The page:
Monday, August 6, 2007

Bush Barks, Democratic Leadership Quakes, Congress Passes Warrantless Eavesdropping Bill

You might think an administration as wildly unpopular as George W. Bush's would be unable to bully Congressional Democrats into rubber-stamping yet another bill that tramples on our civil liberties. Wrong! You can read the AP report for the gory details, or just check out Fred Hiatt's editorial in the Washington Post:

THE DEMOCRATIC-led Congress, more concerned with protecting its political backside than with safeguarding the privacy of American citizens, left town early yesterday after caving in to administration demands that it allow warrantless surveillance of the phone calls and e-mails of American citizens, with scant judicial supervision and no reporting to Congress about how many communications are being intercepted. To call this legislation ill-considered is to give it too much credit: It was scarcely considered at all. Instead, it was strong-armed through both chambers by an administration that seized the opportunity to write its warrantless wiretapping program into law -- or, more precisely, to write it out from under any real legal restrictions.
Because if there is one problem in America it is that the Bush administration is too constrained by laws. What's so frustrating about the Democrats' capitulation was how completely unnecessary it was. Now, if the Democrats really did need to pass every civil liberties-trampling law proposed by our Fearless Leader, or risk being thrown out of office, then their stance, though gutless, would at least be understandable. But the truth is that there is no reason for the Democrats to have gone against their principles on this issue. As Glenn Greenwald points out:

Karl Rove's election strategy prior to the 2006 election was to force the Democrats to vote against the Military Commissions Act and warrantless eavesdropping so that he could run around the country accusing them of being "soft" and "weak" on Terrorism. While Senate Democrats chose not to filibuster the MCA and thus allowed it to pass, Congressional Democrats did overwhelmingly vote against it. And most House Democrats voted against warrantless eavesdropping (the Senate never ended up voting).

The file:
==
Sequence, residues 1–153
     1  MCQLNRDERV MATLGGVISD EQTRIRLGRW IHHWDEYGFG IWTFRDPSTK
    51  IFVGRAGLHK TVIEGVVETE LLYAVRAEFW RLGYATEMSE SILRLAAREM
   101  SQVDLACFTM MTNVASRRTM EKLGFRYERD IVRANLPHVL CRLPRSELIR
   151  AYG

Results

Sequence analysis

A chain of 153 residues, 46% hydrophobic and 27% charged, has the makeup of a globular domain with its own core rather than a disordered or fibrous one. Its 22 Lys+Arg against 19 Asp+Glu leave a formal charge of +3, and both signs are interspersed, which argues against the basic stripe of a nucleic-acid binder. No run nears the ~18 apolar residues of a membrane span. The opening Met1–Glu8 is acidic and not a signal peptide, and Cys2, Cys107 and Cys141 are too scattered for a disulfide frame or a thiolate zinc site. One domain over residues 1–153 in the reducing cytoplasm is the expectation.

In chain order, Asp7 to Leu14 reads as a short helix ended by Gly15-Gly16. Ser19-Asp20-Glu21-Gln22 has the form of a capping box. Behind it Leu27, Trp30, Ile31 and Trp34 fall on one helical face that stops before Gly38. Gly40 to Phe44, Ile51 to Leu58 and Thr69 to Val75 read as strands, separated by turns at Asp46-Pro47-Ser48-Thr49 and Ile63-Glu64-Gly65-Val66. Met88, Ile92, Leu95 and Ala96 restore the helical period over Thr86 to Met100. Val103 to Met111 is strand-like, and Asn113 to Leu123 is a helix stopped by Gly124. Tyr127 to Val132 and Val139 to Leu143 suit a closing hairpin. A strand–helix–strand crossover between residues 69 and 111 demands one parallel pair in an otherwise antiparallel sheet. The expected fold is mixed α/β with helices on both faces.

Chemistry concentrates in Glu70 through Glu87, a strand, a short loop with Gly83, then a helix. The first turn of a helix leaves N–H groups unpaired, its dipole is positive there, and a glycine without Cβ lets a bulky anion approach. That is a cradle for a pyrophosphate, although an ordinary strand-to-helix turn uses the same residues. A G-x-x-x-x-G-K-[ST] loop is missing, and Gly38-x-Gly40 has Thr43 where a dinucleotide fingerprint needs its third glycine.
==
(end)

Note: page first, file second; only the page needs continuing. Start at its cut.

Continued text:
As a result, Rove repeatedly boasted that Democrats were sure to lose because Americans would punish them for their refusal to be "tough" on the Terrorists...

Rove made national security -- specifically the Democrats' opposition to coercive interrogation, lawless detention and warrantless eavesdropping -- the centerpiece of the GOP 2006 midterm campaign....

How did that big, bad, scary "Soft-on-Terrorism" strategy work out? The Democrats crushed the Republicans in an historic election, re-taking control of both houses of Congress, protecting every single one of their incumbents, and vastly increasing their hold over governorships and states houses. Democrats won in every region of the country outside of the Deep South. Karl Rove's strategy of accusing Democrats of being "soft on terror" due to their opposition to warrantless eavesdropping, lawless detention and torture was a complete failure on every level....

We do not need to wonder or speculate about what might happen if Democrats obstruct warrantless eavesdropping legislation and Republicans are then able to make an issue of it politically. That already happened in 2006. That was Rove's whole strategy. It failed miserably, across the board. And yet the Democratic leadership just permitted, and many Democrats supported, a wild expansion of George Bush's warrantless eavesdropping powers based on a jittery fear of this already-failed tactic, if not based on actual support for these increased eavesdropping powers.
Against all logic, the Democratic Leadership is still terrified at thought that the big, bad Republicans might accuse them of being soft on terror. (As if voting for this bill will prevent that.) What a disgrace. Thank goodness that the legislation expires in six months. Maybe that will be enough time for the Democrats to grow a spine.

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